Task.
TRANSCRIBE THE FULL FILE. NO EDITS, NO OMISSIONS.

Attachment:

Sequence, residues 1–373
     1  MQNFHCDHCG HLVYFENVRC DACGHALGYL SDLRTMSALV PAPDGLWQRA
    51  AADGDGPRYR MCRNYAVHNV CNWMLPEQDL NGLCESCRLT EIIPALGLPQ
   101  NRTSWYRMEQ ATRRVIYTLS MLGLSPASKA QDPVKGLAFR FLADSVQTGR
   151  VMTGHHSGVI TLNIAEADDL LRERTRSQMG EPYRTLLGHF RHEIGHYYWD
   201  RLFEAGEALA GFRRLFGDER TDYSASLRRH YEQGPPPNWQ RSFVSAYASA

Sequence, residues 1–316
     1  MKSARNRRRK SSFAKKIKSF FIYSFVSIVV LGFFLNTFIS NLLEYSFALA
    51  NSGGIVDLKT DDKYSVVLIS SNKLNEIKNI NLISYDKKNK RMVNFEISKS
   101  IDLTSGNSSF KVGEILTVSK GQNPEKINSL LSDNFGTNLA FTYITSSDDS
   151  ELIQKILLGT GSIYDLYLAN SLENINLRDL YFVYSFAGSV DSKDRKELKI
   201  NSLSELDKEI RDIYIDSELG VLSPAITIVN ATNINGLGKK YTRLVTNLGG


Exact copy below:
Sequence, residues 1–373
     1  MQNFHCDHCG HLVYFENVRC DACGHALGYL SDLRTMSALV PAPDGLWQRA
    51  AADGDGPRYR MCRNYAVHNV CNWMLPEQDL NGLCESCRLT EIIPALGLPQ
   101  NRTSWYRMEQ ATRRVIYTLS MLGLSPASKA QDPVKGLAFR FLADSVQTGR
   151  VMTGHHSGVI TLNIAEADDL LRERTRSQMG EPYRTLLGHF RHEIGHYYWD
   201  RLFEAGEALA GFRRLFGDER TDYSASLRRH YEQGPPPNWQ RSFVSAYASA

Sequence, residues 1–316
     1  MKSARNRRRK SSFAKKIKSF FIYSFVSIVV LGFFLNTFIS NLLEYSFALA
    51  NSGGIVDLKT DDKYSVVLIS SNKLNEIKNI NLISYDKKNK RMVNFEISKS
   101  IDLTSGNSSF KVGEILTVSK GQNPEKINSL LSDNFGTNLA FTYITSSDDS
   151  ELIQKILLGT GSIYDLYLAN SLENINLRDL YFVYSFAGSV DSKDRKELKI
   201  NSLSELDKEI RDIYIDSELG VLSPAITIVN ATNINGLGKK YTRLVTNLGG